BAGHDAD — Here they were, hardened combat soldiers, grounded on a military base far from the palm groves, canals and marshes where they once prowled.
But at least for a moment this week, they were still the Painted Demons, the elite sniper unit that struck fear in the so-called triangle of death south of Baghdad. That couldn't be taken away: not by breaking them up, as the Army had done, and not even by the murder trials of three of their members at Camp Victory.
They surrounded Sgt. Evan Vela, whose preliminary hearing on murder charges began Sunday morning. Vela, a stocky 23-year-old, bear-hugged them, smiling and laughing. He looked nothing like the man who had broken down on the witness stand days before, at the trial of a fellow sniper. Then, he had spoken in barely audible tones about firing two bullets at point-blank range into an Iraqi detainee's head, allegedly on the orders of Staff Sgt. Michael A. Hensley, the leader of the Painted Demons.
Interviews and court transcripts portray a 13-man sniper unit that felt under pressure to produce a high body count, a Vietnam-era measure that the Pentagon officially has disavowed in this war. They describe a sniper unit whose margins of right and wrong were blurred: by Hensley, if you believe Army prosecutors; by the Army, if you believe the accused.
The main line of defense for Vela and Hensley is a shocking one: In their zeal to get more "kills" out of snipers, officers of the 1st Battalion, 501st Infantry Regiment, allegedly pushed a program of leaving weaponry as "bait," and allowing snipers to kill anyone who came to pick the items up. That, defense attorneys say, led to loose rules of engagement that the Army now says amounted to murder.
The Pentagon has rebutted the allegations about "baiting," and is treating the three prosecutions as isolated cases of rogue soldiers.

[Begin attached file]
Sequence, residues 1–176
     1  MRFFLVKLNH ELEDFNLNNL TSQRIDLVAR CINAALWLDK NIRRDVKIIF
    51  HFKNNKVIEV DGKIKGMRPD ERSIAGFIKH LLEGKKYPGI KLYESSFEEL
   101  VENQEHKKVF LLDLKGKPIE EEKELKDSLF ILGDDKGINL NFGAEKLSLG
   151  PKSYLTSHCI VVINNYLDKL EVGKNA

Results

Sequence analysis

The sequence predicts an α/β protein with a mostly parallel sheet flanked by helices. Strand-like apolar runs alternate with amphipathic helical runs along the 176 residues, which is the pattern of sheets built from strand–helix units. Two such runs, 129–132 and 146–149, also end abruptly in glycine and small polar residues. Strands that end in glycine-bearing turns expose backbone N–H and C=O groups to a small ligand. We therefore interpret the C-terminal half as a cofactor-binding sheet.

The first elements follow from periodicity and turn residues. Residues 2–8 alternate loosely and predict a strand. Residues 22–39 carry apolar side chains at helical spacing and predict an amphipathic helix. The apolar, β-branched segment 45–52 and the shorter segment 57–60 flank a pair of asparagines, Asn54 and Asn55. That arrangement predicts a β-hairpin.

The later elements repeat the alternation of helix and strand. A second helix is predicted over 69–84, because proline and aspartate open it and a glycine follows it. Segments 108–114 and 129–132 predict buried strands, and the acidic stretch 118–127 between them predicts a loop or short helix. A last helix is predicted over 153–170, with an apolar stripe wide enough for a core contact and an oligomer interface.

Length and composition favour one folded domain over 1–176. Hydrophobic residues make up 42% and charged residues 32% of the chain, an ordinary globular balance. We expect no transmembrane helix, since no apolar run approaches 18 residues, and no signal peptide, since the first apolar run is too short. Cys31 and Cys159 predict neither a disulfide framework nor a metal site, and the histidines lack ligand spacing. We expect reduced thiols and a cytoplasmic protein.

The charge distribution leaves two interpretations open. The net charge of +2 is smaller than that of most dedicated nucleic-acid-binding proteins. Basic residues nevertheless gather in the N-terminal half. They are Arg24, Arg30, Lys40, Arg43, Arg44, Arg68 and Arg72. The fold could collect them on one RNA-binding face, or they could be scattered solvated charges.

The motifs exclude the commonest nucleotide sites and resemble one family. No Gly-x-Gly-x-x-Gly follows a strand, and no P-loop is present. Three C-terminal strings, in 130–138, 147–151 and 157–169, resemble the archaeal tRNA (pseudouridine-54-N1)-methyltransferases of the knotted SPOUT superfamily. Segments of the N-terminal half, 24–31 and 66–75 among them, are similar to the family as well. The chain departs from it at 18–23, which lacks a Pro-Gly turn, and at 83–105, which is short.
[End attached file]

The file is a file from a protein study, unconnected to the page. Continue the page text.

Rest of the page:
"I don't know how far up the chain this baiting program goes right now. I know the government is trying to dummy this down to the lowest level possible," said Vela's attorney, James Culp.
"Our government is asking our soldiers and Marines to make morally bruising decisions under the most horrific conditions imaginable," Culp added. "When the government doesn't like the results, they isolate and vilify the soldier while hiding behind security clearances, classifications and unreasonable expectations."
When Hensley joined the Army scouts in March, his reputation preceded him: He had been a sniper in Afghanistan. He won an Army sniper competition in 2002.
He is 6-foot-3, muscular, and arrived with a shaven head and tattoos of dragons and other symbols. Soldiers explained that you either loved or hated Hensley. There was no in-between. In his soldiers' words, "the guy was 100% Army." No one else came close. If his men carried 100 pounds on their back, he'd carry 200. That was Sgt. Hensley.
"You know, we'd be in a canal and you'd just look at him trudging through this awful terrain, and you're just like, 'God. The dude is nuts. What's wrong with that guy?' " Spc. Joshua Michaud said at the initial hearing for Hensley in July.
The 'Painted Demons'
The Iraqi police started to call the snipers the "Painted Demons" because of the way Hensley used camouflage makeup to draw tiger stripes down his face.
"He's the kind of guy that they make movies about. You know, he's the guy who -- he's just really good at his job, there's no way around it," Michaud added.
But the men acknowledged in their testimony that they saw a dark side to Hensley. Just after Christmas, his former roommate at Ft. Richardson, Alaska, died in a bomb blast south of Baghdad. Then a few months later, his fiancee committed suicide. If he grieved, he didn't show it. He told his men he would deal with it when they all left Iraq. Right now, he said, he wanted to keep them alive.
There was a moral question hovering over the sniper team before Hensley arrived, members said. If they had been authorized to bait an area with bomb-making materials and other props, then lie in wait to kill anyone who fell for the trap, couldn't they also lay the props down after they killed someone?
Sgt. 1st Class Steve Kipling, Hensley's predecessor, had broached the question, Sgt. Anthony Murphy recalled. "He said, 'Should we, or what do you think? Should we make the body look -- basically, should we make it look more 'guilty'? "
The answer in the U.S. military's code of conduct is unequivocal: no.
But commanders seemed unhappy with the snipers' performance, and there was pressure to produce results, members said.
"They were upset with scouts and snipers up until about [the] March time frame," Murphy said in court testimony in July. "It just kind of felt like, 'What are you guys doing wrong out there? What's wrong?' "
The directions to the snipers in the swamps seemed to be that it was OK to interpret rules of engagement liberally, particularly about using deadly force when under threat, soldiers said.